I press on toward the goal to win the prize for which God has called me heavenward in Christ Jesus. –Philippians 3:4
For it is by grace you have been saved, through faith—and this not from yourselves, it is the gift of God— not by works, so that no one can boast. –Ephesians 2:8-9
Award recipients will say they don’t work for awards. They don’t desire them. They don’t deserve them. But nearly all show up at the grand galas to receive them.
Awards come in all shapes, sizes, and types. There are trophies, titles, certificates, plaques, medals, badges, pins, and ribbons. Some prizes are noble. Others are golden. Nearly all are coveted.
Many awards are given solely for measurable achievement. The team with the highest score wins the championship. The student with the highest grade becomes the Valedictorian. The candidate with the greatest amount of votes is elected to office.
Other awards are based on a judge’s opinion. Judges review candidates, confer and deliberate and give their “yea” or “nay.” Achievement and aptitude may qualify a candidate for award eligibility, but the judge or judges make the final decision on who will be the ultimate winner.
Some of the most prestigious awards of all time include the National Medal of Science, the World Food Prize, the James Craig Watson Medal, the Polaris Award, the Faraday medal, the Hubbard Meal, the Templeton Prize, and the Kennedy Center Honors. The Grand Daddy of all awards are the Pulitzer Prizes for writing, reporting and public service and the Nobel Prizes, given for many fields and categories including Biology, Chemistry, Physics, and Peace.
Right now, it’s awards time in
When the recent Golden Globes occurred with little fanfare and no celebrity turnout, TV audiences groaned and scratched their heads. They missed the jewels, the dresses, the glitz, and the glamour usually associated with that event. Thankfully, the Oscars will go on as scheduled Sunday night with all the customary hype, pomp, parties, and circumstance. The public demands
Why do we give so many awards in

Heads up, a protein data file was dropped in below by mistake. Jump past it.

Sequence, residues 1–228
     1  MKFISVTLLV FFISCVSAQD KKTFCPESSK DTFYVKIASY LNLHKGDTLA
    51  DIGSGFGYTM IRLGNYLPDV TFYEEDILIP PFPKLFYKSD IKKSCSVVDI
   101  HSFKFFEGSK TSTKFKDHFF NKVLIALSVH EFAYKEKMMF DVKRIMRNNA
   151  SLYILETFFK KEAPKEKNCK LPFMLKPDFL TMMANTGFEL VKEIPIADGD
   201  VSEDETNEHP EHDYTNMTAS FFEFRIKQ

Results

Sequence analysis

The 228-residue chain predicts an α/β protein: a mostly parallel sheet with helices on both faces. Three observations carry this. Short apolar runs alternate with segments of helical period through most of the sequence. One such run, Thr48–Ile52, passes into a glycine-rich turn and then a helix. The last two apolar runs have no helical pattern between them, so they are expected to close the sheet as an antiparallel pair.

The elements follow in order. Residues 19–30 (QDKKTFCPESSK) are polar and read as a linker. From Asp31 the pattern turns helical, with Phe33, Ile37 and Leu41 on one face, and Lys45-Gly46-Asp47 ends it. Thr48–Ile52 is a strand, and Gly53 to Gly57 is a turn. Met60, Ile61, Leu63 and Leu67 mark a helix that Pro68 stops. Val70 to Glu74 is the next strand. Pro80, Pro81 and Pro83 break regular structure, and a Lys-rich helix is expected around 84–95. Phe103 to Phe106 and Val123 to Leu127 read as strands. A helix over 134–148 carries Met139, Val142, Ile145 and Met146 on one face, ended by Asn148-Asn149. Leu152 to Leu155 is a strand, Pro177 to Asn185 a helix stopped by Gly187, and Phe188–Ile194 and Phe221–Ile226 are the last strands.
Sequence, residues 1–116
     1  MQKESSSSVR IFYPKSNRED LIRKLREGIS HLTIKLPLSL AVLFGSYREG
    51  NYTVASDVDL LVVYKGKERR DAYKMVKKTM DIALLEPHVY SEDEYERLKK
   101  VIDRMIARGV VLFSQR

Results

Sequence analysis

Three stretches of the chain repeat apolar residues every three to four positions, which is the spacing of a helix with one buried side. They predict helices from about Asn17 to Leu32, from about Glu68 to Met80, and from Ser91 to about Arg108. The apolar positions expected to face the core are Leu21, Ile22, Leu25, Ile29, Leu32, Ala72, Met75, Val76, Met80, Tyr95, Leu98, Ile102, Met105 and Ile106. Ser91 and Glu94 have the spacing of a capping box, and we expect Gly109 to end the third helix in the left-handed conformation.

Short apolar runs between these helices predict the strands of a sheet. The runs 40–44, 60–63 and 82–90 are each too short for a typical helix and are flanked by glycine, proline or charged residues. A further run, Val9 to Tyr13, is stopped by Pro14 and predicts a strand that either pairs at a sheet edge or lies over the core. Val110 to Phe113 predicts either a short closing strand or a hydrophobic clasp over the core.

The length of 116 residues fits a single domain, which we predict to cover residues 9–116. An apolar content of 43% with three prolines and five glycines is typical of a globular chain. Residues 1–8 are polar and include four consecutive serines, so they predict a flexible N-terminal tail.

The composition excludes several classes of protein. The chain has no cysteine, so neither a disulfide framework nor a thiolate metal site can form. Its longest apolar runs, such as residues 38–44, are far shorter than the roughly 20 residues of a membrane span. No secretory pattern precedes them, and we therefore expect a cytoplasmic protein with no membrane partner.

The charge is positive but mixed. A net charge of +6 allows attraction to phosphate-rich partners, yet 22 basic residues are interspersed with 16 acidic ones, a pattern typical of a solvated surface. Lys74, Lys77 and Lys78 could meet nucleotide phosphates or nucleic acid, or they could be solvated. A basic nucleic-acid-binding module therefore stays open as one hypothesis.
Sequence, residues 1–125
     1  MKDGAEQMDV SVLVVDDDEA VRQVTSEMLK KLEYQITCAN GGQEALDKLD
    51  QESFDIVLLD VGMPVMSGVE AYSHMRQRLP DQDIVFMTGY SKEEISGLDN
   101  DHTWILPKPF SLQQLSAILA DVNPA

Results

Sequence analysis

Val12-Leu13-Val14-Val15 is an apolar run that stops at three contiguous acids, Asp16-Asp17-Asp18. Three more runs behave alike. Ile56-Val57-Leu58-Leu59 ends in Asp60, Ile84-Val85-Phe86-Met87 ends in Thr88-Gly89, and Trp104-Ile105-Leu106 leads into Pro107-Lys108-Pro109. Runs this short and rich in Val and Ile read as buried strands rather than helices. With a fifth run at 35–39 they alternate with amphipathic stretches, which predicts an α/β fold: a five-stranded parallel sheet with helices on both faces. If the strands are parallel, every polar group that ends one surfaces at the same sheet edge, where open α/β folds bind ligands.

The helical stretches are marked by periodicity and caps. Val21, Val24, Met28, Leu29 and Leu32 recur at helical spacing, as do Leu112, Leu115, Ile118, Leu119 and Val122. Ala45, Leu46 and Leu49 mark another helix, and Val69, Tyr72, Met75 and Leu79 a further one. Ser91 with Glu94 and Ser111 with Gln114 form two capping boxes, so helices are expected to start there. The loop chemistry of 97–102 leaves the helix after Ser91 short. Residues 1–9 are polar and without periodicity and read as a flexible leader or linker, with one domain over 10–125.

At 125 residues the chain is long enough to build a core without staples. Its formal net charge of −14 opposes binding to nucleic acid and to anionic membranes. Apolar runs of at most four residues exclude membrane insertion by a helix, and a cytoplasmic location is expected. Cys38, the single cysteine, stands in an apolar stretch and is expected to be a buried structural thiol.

Is it only the winners who count? Is there such a thing as receiving an award for something we haven’t achieved? Yes. It’s called Grace and it’s the most wonderful award of all.
Everyone Loves a Winner
For many, actor Jack Nicholson is a living legend. He’s the only living actor with 12 Academy Award nominations. He has won the award 3 times (for Best Actor in About Schmidt and As Good as It Gets, and for Best Supporting Actor in Terms of Endearment). Only the deceased Walter Brennan and Ingrid Bergman have won as many awards. Only the deceased Katherine Hepburn has eclipsed him with 4 wins.
Nicholson’s success is all the more amazing because he was abandoned by his father in childhood, and was raised by his grandmother—who he believed was his own mother. People love Jack Nicholson for his grin and his wily disposition, but mainly they love him because he is a winner who overcame incredible odds.
About the Academy Awards, Nicholson has said, “I’d love to win but now that I’ve had several good performances that people at large have liked, it becomes harder to excite them.” And so, if he wants to win again, Jack Nicholson (or his agent) has to search high and low for that next great role; and when he lands it, he has to reach down within himself to create a performance that will surpass all others who likewise are trying to achieve greatness. Jack Nicholson can do it. Not this year, but he might again. He’s that good. It’s what winners do.
They leave their personal struggles at the door, prepare their bodies to endure the long hours, they work hard on perfecting a character’s speech and mannerisms, they show up early on the set, and they do take after take until they get the shot just right. And it’s why we honor them with awards.
Everyone Wants Approval
We are hard-wired by God for relationships. Since God is love and we are made in His image, we desire and need love too. Many of us strive to earn love, especially from those closest to us. Others seem to have a knack for being “lovable” and find no difficulty in getting the love they want.